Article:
Home > GTD, ipad, Productivity > Part 2, How to keep track of your notes

Part 2, How to keep track of your notes

I’m an Evernote fanatic…there, I said it! Ever since my very first note/link way back on May 14, 2008 I have been diligently capturing links, notes, pictures, emails and now various other documents. Being the techy nerd that I am I’ve tried many applications out there that do some (and sometimes all) of what Evernote does. But, for whatever I reason I have not wandered from this great app cum service cum virtual networked memory. I heard once that because we are connected through our various devices that our memories have basically exploded in potential  as every piece of information we may want to remember is instantly available to us. This is especially important for memory-challenged folks such as myself.

In my previous post I wrote that a tablet can not be embraced as a serious productivity tool without snapping the pencil in two and simply storing information directly into the tablet. Instant information capture is a great way to store your notes in a more virtual fashion, but to truly leverage your virtual expression you are going to need some way to intelligently store and index all of these notes. Without this intelligence, your notes will wallow in the same way that your notebooks do. For me, Evernote provides the intelligence that I need.

To be honest, my implementation of Evernote is far from the most creative or efficient out there. I have read about tons of different ways to setup and utilize Evernote and will provide some useful references below. However, if you want a simple way to utilize this great tool look no further than my basic process.

  1. Install Evernote everywhere! Evernote literally can run on just about every computer, smartphone, tablet and browser currently in use. Don’t believe me, click here. The best places to start are with the web clipper on each computer you browse on, the desktop version on your work computer (if allowed), home computers and finally on your tablet.
  2. Open the desktop version and start creating your notebooks. The easiest way to do this is to create a logical notebook to match each of the paper notebooks you are using now. I have created over 27 different notebooks in the three years I have been working with Evernote. Seems like a lot, but consider all of the projects you work on, the staff you support or manage, the clients that you serve, etc. All of the information you generate through your life needs a logical home that is easily found. For example, I have 7 direct reports and another 3 I indirectly support; each of these folks has their own notebook in Evernote where I organize all of my communications with each of them. I have a notebook for my boss, a general notebook for general stuff, a notebook for this blog and many others.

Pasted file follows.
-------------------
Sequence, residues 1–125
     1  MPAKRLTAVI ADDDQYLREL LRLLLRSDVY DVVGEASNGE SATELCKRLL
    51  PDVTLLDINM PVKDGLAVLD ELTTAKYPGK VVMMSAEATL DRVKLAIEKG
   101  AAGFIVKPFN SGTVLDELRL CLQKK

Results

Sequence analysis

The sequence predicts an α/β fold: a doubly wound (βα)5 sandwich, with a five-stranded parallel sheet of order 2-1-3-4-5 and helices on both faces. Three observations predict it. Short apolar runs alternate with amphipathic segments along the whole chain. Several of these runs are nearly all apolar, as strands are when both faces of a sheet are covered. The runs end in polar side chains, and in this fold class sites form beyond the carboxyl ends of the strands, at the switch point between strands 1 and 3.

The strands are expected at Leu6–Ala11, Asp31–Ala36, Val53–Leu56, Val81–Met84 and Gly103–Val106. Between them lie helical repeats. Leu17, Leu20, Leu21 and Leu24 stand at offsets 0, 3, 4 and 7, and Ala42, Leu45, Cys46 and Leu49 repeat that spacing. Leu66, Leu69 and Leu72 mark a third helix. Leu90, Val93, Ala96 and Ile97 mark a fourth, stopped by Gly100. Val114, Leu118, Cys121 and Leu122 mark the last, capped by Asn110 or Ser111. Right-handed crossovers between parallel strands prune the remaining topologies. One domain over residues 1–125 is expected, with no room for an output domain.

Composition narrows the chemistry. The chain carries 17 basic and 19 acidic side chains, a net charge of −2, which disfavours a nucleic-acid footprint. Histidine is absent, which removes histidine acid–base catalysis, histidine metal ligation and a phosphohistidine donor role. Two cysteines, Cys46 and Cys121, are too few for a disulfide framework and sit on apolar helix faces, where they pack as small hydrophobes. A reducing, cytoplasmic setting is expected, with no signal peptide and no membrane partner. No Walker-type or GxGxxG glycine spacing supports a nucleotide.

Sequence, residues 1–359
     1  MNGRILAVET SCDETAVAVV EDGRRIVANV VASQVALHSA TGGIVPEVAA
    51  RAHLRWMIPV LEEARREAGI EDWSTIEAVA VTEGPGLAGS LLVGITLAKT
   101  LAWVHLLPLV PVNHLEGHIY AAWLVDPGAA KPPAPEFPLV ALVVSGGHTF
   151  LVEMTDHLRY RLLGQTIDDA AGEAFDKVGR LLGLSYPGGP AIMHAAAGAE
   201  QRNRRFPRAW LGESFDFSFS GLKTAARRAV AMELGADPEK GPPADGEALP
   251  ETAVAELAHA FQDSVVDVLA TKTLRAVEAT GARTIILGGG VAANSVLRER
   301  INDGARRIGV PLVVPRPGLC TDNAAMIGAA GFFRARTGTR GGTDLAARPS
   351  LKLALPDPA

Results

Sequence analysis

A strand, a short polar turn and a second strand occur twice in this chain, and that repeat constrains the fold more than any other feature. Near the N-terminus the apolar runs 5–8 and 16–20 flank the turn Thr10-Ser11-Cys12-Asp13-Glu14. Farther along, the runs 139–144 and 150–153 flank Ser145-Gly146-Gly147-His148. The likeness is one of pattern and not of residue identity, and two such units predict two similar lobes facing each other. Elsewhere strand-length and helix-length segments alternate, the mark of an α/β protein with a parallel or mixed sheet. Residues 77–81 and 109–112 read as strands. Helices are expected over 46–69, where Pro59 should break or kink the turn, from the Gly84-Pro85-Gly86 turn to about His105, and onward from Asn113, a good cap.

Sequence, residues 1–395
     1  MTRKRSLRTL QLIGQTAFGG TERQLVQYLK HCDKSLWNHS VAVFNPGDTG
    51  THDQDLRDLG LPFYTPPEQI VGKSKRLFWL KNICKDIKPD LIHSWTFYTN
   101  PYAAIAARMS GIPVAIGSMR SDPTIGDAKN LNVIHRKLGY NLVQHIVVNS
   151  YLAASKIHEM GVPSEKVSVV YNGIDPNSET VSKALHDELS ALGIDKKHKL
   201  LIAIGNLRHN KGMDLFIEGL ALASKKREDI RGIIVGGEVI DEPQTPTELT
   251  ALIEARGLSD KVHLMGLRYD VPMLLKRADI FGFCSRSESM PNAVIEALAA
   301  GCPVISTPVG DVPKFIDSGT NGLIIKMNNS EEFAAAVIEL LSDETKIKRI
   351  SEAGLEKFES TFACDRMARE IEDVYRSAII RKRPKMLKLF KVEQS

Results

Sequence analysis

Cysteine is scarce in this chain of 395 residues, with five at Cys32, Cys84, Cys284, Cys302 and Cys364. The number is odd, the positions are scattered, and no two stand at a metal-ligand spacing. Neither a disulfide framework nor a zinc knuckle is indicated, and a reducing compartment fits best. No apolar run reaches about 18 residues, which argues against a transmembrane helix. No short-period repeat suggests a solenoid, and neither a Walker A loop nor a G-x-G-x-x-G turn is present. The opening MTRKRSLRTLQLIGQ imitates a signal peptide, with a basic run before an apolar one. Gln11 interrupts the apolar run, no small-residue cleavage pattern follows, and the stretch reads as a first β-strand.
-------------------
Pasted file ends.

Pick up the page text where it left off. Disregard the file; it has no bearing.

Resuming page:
3. Create one additional notebook called “unprocessed” and set this as your default notebook. I recently created this additional location to keep track of all information that has not been categorized yet. Think of this as your stack of unprocessed paper in GTD terms.
  4. Figure out your Evernote email address by visiting the Settings screen. This simple little email will allow you to literally capture anything and everything from any device that has email capabilities. I use this functionality from my Blackberry and it is here that I utilize the “unprocessed” folder. Any email I send to Evernote is automatically stored in this folder. Whereas if you are utilizing the Clipper or the Desktop version you can drop your notes directly into their proper location.
  5. Start creating tags for each note you create. A tag is simply another way to cross-reference information. As an example I have regular meetings with each of my direct reports called “PMIs” which is simply an acronym for “personal management information” or something similar. Because I have a notebook for each direct report I will place my notes for each meeting in their appropriate notebook and tag the note as “PMI” as well. This allows me to find notes by people and by topic without having to utilize the search tool.
That’s it! Simply following the above steps will set you on your way towards a true virtual filing cabinet. In fact, I am slowly moving away from physically filing paper in manila folders by scanning most every piece of paper I want to save. I have found that it is faster to do this up front and a lot faster later when I am trying to find things. Think of filing a piece of correspondence into a folder and 2 years from now you try to find that same piece of paper in your two or four drawer filing cabinet after having forgotten how you labeled the folder. What you end up doing is going through 2-3 different potential folder names trying to locate the folder and then in the end you go through every folder in your cabinet. Now, if you had scanned that document, placed it into a virtual folder on Evernote and added a tag most likely you would have found what you were looking for in about a minute…on your iPad wherever you may be working at that moment! Amazing!
Give Evernote a try and let me know what you think.
If you are already using Evernote and find my process a bit simplistic, check out some of the resources below for some additional ideas.

Other Alternative Evernote GTD/Productivity Implementations:




Random ways to use Evernote:



A real alternative to Evernote – Springpad:



The elephant pictures comes from the Honolulu Zoo

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